Writing by Peter Hilton

How to choose computer books

A guide to avoiding poor-quality computer books that are aimed at clueless readers.

It is difficult to choose a computer book for several reasons. Firstly, the market is saturated so there is a lot of choice. Secondly, there is huge variation in quality and a wide range of different audiences for the same subjects, both of which are difficult to assess quickly.

This buyer’s guide identifies and explains several indicators that allow you to guess a book’s quality and who it is aimed at. This is important because the majority of books are poor quality and aimed at people who know nothing about the subject. This makes it especially difficult to find good quality books on advanced technical subjects. In summary, you should

Lots of O’Reilly books in a bookshop
Some bookshops save you time by having an O’Reilly section

  1. choose an O’Reilly book, where possible
  2. avoid books more than 2 cm thick
  3. avoid books with lots of padding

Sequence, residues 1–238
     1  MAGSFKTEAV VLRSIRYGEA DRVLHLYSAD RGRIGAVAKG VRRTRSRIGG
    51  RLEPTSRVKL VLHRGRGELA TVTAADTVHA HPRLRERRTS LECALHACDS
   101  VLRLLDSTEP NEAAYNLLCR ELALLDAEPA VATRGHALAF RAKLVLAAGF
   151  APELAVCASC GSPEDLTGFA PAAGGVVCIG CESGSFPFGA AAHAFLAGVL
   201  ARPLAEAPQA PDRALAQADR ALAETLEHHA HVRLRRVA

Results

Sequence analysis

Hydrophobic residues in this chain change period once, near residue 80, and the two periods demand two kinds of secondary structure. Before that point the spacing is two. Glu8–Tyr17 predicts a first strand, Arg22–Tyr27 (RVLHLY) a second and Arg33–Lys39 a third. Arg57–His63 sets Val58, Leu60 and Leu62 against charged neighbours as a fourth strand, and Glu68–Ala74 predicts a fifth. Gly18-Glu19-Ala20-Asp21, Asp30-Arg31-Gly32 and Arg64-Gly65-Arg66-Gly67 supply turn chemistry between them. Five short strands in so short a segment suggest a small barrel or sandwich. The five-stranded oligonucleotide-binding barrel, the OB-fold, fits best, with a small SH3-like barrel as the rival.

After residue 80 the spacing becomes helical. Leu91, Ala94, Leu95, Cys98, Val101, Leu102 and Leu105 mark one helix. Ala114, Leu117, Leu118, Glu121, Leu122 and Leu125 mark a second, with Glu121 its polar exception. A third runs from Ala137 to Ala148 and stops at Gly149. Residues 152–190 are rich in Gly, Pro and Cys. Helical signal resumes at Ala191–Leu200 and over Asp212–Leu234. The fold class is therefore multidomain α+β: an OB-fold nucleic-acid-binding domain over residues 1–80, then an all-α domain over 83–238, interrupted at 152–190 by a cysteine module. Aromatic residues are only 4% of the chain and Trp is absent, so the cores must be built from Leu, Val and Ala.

4. choose a book that focuses on a single topic
  5. avoid books written by idiots for idiots.

Beginners don’t usually need books

If you only want an introduction to a subject, or you’re a novice, then you can probably find what you need on the web. Google Is Your Friend; include "how to" or tutorial in your search. You will find many high-quality tutorials about IT (especially web-related) subjects. This is not a coincidence.

Once you’ve done a few Google searches for things like how to make photograph thumbnails you’ll notice that as well as individual ‘how to’ pages and tutorials, you’ll find specialist web sites that combine articles and tutorials on a particular subject; these are often far more useful than the average book. Good examples are W3 Schools for web development and Photo.net for photography.

O’Reilly books are the best for technical reference

If you’re an IT professional, or full-time geek, then a good book may let you read a lot about a subject in one go. On the web it can be difficult to get past the introductory material and find enough coverage, detail and examples.